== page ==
Gérard Guermonprez Sideboard “Monaco” for Magnani, circa 1950, France (EN0039)

DESCRIPTION: Gérard Guermonprez Sideboard “Monaco” for Magnani, circa 1950, France. Base in lacquered black metal, main part in veneering elm wood with four doors.

CONDITION: Very good vintage condition. Wear consistent with age and use.

DIMENSIONS: Height: 81cm (31.88in)  Width: 220cm (86.61in) Depth: 45cm (17.71in)

ABOUT THE DESIGNER: Gérard Guermonprez is a 20th century French designer known for his simple and functional wooden furniture, renowned for its solidity. Trained at the Boulle school in Paris, he exhibited his creations for more than twenty years at the Salon of Household Arts from 1954. In particular, in 1955 he presented mass-produced furniture in light oak mounted on black lacquered metal bases which were particularly noted. In 1957, Gérard Guermonprez began a fruitful collaboration with the Magnani cabinetmaker workshop for whom he designed interior furniture. Sideboards, tables, chairs, storage furniture with multiple functions… Its pieces bear the label of AMF master craftsmen and certain exclusive creations are even numbered. This partnership increases the success of the designer and allows him to access wider publishing and distribution. Gérard Guermonprez’s models are then distributed in Paris (notably at Bobois, within Roche establishments, and at the At Home store) but also in the provinces and even in North Africa (Casablanca, Oran, Algiers).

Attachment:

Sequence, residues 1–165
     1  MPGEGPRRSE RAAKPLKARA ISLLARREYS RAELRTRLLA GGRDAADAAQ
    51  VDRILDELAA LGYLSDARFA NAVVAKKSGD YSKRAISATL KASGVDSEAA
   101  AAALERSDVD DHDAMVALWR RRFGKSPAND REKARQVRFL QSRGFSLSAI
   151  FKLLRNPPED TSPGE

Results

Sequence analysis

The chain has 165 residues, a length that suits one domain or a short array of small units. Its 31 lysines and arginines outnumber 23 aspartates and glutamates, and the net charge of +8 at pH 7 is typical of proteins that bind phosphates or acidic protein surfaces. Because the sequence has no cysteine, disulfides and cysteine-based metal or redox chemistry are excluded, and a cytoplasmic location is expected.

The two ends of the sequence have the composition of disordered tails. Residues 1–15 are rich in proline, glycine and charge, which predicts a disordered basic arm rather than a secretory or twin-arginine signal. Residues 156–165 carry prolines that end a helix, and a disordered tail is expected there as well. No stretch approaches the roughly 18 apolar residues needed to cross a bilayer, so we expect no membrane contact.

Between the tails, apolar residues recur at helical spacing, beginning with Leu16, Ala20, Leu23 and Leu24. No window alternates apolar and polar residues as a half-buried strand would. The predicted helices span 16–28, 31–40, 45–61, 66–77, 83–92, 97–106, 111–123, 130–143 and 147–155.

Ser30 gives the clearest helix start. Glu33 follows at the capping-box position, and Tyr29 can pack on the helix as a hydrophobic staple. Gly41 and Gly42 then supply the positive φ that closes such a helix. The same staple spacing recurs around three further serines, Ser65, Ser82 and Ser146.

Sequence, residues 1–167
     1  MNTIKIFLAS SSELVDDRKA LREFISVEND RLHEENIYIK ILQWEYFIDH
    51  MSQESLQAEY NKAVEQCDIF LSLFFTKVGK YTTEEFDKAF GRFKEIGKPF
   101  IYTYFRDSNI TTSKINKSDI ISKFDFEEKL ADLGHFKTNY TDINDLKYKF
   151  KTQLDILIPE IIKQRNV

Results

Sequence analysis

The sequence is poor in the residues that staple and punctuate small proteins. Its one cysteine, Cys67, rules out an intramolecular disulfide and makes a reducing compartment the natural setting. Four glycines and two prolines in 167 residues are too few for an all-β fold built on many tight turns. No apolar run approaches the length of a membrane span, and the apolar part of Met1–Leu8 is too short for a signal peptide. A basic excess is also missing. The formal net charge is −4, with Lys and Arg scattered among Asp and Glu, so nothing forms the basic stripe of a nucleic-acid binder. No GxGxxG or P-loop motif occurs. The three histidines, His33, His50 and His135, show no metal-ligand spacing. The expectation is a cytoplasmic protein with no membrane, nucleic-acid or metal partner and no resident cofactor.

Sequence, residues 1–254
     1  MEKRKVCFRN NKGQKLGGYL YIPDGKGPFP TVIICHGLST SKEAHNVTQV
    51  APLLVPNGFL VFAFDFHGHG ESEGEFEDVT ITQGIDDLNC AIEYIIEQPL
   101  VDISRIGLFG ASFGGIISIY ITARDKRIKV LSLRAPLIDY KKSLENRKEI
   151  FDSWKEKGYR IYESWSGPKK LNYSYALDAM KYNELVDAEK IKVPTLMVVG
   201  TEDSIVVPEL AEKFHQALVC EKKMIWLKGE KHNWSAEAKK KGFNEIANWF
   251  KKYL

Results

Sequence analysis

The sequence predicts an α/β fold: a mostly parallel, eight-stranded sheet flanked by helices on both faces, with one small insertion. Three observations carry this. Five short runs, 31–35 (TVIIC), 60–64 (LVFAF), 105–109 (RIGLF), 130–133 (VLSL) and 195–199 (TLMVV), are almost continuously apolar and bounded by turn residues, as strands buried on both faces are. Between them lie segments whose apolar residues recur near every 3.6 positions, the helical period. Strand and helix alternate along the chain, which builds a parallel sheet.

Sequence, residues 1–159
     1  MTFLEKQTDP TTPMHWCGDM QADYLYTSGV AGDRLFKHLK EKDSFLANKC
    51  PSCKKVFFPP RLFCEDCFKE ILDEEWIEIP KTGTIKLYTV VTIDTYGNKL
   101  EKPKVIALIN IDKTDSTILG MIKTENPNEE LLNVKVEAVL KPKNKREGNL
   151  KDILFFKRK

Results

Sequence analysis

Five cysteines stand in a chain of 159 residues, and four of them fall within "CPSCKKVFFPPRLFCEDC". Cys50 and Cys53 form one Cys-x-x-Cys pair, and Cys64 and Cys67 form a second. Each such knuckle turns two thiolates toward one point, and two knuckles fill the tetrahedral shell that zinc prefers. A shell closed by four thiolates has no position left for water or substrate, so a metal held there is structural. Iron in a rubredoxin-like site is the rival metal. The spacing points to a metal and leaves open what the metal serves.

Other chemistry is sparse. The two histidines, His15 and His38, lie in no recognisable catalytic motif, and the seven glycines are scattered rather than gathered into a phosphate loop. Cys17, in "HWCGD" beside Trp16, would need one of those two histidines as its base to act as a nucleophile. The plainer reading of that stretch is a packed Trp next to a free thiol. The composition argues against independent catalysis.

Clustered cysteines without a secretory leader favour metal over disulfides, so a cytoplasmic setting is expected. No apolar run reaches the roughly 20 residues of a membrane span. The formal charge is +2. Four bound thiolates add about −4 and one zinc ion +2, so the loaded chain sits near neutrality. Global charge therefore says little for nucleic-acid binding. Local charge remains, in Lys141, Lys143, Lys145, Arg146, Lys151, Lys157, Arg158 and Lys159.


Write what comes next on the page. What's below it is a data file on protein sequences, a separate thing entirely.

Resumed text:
ABOUT THE STYLE: Mid-Century Modern (MCM) is a design movement in interior, product, graphic design, architecture, and urban development that was popular from roughly 1945 to 1969, during the post–World War II period. The term was used descriptively as early as the mid-1950s and was defined as a design movement by Cara Greenberg in her 1984 book Mid-Century Modern: Furniture of the 1950s. It is now recognized by scholars and museums worldwide as a significant design movement. The MCM design aesthetic is modern in style and construction, aligned with the Modernist movement of the period. It is typically characterized by clean, simple lines and honest use of materials, and it generally does not include decorative embellishments.